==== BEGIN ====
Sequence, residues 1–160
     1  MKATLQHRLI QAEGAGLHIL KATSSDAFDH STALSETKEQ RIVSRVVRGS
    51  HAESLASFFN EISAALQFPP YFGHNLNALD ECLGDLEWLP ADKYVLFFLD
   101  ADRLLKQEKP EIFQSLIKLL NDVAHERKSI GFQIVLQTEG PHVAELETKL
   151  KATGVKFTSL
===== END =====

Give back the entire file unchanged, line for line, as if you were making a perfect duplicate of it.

Sequence, residues 1–160
     1  MKATLQHRLI QAEGAGLHIL KATSSDAFDH STALSETKEQ RIVSRVVRGS
    51  HAESLASFFN EISAALQFPP YFGHNLNALD ECLGDLEWLP ADKYVLFFLD
   101  ADRLLKQEKP EIFQSLIKLL NDVAHERKSI GFQIVLQTEG PHVAELETKL
   151  KATGVKFTSL